The BBC has gone all-in for Angela Merkel as Germany prepares for an election in the autumn:
The German chancellor caused a storm this Sunday, particularly in the English-language press and Twittersphere, when she declared: “The era in which we could fully rely on others is over to some extent.”
That this comment should come immediately after the US asked Germany to cough up more for its defence obligations was, if the liberal press is to be believed, purely coincidental.
Mrs Merkel is now on the campaign trail and not at all above injecting some populism into her politics.
President Trump is hugely unpopular among German voters and his failure to commit to the Paris climate accord, at the G7, and to Nato’s Article Five last week angered many Europeans.
I think it speaks volumes about the state of German politics that Trump-bashing is a central platform of all potential candidates. When is Germany going to address some of its own problems, instead of complaining about the US president? Or don’t they think they have any?
Mrs Merkel’s pointed comments about no longer being able to rely fully on allies were delivered to rapturous applause while on the campaign trail in the (conservatively) pumped arena of a Munich beer hall.
If not being able to rely fully on allies is something to cheer, then why the insistence on these alliances and agreements in the first place? If Germany wants to go it alone, nobody is stopping her. Indeed, the issue seems to be Germany’s insistence that the US commits to doing what Europeans want – with them picking up the bill.
Campaign Trail Merkel, as we’ll call her for the moment, is also aware that German voters aren’t just partial to a bit of Trump-thumping – but also to a full-on promotion of Europe.
Liberal Europeans have felt immensely frustrated at the constant Brussels bashing by nationalist politicians over the past couple of years.
Or, put another way, Liberal Europeans are looking to German leaders to promote something an awful lot of their own countrymen don’t like. Apparently this is a healthy state of affairs.
Resentment has built up, too, over Russia seemingly being able to do whatever it wants in Crimea, Syria and the cyber-sphere despite supposed international norms.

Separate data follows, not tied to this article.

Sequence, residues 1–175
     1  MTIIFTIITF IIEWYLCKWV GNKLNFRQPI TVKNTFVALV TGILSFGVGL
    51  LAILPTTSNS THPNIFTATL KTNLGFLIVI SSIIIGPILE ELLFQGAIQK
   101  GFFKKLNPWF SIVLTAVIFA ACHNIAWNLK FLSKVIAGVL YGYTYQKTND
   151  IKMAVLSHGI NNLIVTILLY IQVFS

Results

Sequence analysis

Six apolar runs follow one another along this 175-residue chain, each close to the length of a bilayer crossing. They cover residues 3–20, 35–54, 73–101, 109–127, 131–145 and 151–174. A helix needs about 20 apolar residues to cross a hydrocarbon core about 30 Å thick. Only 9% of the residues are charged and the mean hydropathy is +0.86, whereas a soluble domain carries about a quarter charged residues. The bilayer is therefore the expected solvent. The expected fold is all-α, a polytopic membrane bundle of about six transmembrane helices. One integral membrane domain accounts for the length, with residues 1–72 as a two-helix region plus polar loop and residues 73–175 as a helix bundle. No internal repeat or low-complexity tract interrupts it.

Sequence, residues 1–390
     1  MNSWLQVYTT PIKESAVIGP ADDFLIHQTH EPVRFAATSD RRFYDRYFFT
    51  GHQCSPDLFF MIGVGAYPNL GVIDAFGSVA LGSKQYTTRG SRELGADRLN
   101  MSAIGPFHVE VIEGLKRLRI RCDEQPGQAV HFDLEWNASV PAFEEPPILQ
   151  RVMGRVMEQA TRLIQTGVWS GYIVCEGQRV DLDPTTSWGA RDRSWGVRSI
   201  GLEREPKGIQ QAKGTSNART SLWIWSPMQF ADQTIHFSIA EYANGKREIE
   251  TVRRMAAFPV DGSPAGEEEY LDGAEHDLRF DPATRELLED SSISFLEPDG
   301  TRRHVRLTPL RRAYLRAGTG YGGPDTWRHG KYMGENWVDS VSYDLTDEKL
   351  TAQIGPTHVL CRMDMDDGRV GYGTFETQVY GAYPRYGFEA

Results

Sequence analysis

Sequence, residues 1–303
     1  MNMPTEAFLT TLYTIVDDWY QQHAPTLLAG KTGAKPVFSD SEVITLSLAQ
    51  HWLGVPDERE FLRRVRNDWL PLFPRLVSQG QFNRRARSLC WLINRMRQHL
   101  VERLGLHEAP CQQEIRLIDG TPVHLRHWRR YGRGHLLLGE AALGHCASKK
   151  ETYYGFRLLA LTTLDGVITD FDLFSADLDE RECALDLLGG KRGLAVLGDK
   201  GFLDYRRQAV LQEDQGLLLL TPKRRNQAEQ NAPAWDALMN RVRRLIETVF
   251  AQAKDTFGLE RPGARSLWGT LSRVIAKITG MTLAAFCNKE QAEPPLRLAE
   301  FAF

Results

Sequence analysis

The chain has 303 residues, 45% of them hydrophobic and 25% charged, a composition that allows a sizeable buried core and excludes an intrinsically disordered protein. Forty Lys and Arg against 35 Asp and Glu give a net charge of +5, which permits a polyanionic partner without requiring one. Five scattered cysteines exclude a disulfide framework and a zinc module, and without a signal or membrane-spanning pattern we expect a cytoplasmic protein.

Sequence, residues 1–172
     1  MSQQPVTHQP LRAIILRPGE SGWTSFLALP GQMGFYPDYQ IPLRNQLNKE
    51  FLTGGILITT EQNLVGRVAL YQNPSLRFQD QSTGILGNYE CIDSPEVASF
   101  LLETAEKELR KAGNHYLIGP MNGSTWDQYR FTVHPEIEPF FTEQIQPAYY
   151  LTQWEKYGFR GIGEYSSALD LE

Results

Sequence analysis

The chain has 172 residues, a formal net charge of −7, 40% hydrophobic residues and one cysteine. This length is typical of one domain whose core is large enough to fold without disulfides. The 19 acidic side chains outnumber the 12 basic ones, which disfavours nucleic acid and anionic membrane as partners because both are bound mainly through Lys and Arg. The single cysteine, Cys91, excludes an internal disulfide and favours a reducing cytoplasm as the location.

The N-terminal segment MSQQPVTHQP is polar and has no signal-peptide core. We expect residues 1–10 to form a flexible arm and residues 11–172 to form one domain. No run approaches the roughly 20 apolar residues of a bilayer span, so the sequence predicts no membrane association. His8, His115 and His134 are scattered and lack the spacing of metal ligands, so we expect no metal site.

Like the shooting down of MA-17? What was the German reaction, again? A barely-audible squeak. Did the likes of BASF and Siemens have anything to do with that, perchance? If Europeans are hoping Germany will confront Putin more than Trump will, they are seriously deluded.
And there’s real anger and fear about Donald Trump the Unpredictable, a man many in Europe judge to be ignorant about world politics, diplomacy and the workings of a democracy.
They said the same about Bush, Jnr. too. Yes, we get it: Europeans prefer Democrat presidents and they think all Republicans are thick rednecks. Americans know this, and are getting a little fed up with it. Hence they are only too delighted to hear Germany isn’t going to be relying on them any more. If I were Trump, the American troops based in Germany would be on their way home already. Bush should have pulled them out years ago.
Germans believe more than ever now that Europe needs be assertive; to stick together and be strong together.
They are feeling more confident, too, with pro-EU, pro-Merkel Emmanuel Macron as French president.
Good for them! Now what does this have to do with Trump?
Enter Chancellor Merkel’s emotive language à la “take back control’, except what she says is “Europe needs to take its fate into its own hands”.
The Bavarian beer hall loved it, as do many Germans, giving Mrs Merkel that edge over her political rivals.
When Brits do this they are deluded Little Englanders. When Germans start bashing foreigners and making assertive, nationalist remarks in Munich beer halls, progressives go all giddy with delight. Perhaps Germany doesn’t have such a chequered history in this area as Britain, or something?
She believes Europe must co-operate more on defence: pooling resources, spending military budgets more intelligently and bolstering itself as much as it can.
But not increasing military budgets to meet Nato commitments.
Britain leaving the EU means the bloc only has one military power left – the French one – and one seat on the UN Security Council.
The French military power? Bwahahahahahahaha!
Nato is now more important than ever for EU safety.
How best to safeguard the alliance than by insulting the American president and those who voted for him?
Chancellor Merkel has been around the political block more than a few times, and she is not now biting the hand that feeds
No? Well, let’s see, shall we?
Donald Trump may not be so sure about Nato, but the US vice-president and the defence secretary say they are fully committed.
Was this before or after Merkel threw her toys out of the pram when the Americans asked her to cough up a bit more?
When Angela Merkel says Europe needs to be take its fate in its own hands, she means keeping transatlantic links open and strong, but being politically, emotionally and – if possible – militarily prepared if it all falls apart.
Presumably this nuance got lost in the original German.
Rather than closing the door on the US, she hopes very much the US isn’t turning its back on Europe.
And with articles like this appearing in Der Spiegel, I’m sure the Americans feel so very appreciated in Germany and are keen to stick around.